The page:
A 7.1 earthquake hit southwest of Anchorage, Alaska, on Sunday early in the morning sending about 30 aftershocks, according to seismologists. Power companies said that thousands were left without power.
The quake struck at about 1:30 am local time about 280 kilometers (162 miles) southwest of Alaska’s biggest city, Anchorage, according the US Geological Survey. The epicenter of the quake was located 124.8 kilometers deep. According to residents tremors were felt in Anchorage.
The Alaska Earthquake Center recorded some 30 aftershocks during the night with the strongest measured at 4.3.
There were no reports of injuries or severe property damage. Residents posted videos and photos of the quake and its aftermath on social media.
22 homes in Kenai area were evacuated following an apparent gas leak, the local KTUU TV channel reported citing police.
The quake also caused “several outages including our entire Douglass substation in Willow and Hospital substation impacting portions of Palmer and Wasilla,” the Matanuska Electric Association (MEA) said in a statement.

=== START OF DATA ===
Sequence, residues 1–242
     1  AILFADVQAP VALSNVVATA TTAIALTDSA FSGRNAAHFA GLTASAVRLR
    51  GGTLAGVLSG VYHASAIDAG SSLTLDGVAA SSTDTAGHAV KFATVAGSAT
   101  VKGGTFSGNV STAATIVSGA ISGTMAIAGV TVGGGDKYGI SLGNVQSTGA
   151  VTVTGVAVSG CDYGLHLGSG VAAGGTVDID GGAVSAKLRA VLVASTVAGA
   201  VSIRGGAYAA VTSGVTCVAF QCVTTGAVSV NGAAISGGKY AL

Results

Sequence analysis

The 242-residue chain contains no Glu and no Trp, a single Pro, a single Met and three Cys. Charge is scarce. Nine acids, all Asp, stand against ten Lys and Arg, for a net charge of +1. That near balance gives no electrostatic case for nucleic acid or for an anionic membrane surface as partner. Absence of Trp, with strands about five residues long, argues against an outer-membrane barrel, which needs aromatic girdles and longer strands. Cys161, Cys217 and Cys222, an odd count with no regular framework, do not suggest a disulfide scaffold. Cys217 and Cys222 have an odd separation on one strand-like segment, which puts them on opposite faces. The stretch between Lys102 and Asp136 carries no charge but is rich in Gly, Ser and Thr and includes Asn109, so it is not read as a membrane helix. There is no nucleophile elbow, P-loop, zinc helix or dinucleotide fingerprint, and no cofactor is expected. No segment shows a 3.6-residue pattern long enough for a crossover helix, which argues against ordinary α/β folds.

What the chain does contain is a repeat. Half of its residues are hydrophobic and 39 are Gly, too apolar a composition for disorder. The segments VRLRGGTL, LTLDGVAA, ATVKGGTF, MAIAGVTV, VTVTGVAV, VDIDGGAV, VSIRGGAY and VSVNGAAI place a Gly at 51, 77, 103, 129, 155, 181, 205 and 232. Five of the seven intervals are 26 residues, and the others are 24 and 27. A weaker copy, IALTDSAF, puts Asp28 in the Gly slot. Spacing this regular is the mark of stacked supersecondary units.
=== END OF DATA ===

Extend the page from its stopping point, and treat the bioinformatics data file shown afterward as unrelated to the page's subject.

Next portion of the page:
Thousands of people lost power in the area. The MEA said that about 4,900 customers were left without power in the early hours of the morning. Another power utility, the Chugach Electric Association, said that about 4,600 customers were affected by outages. Municipal Light & Power reported an outage in Downtown Anchorage affecting 159 customers.
The Aleutian arc where the Pacific plate subducts into the mantle beneath the North America plate is a highly seismic area. Major earthquakes and tsunamis have taken place as a result of its seismic activity.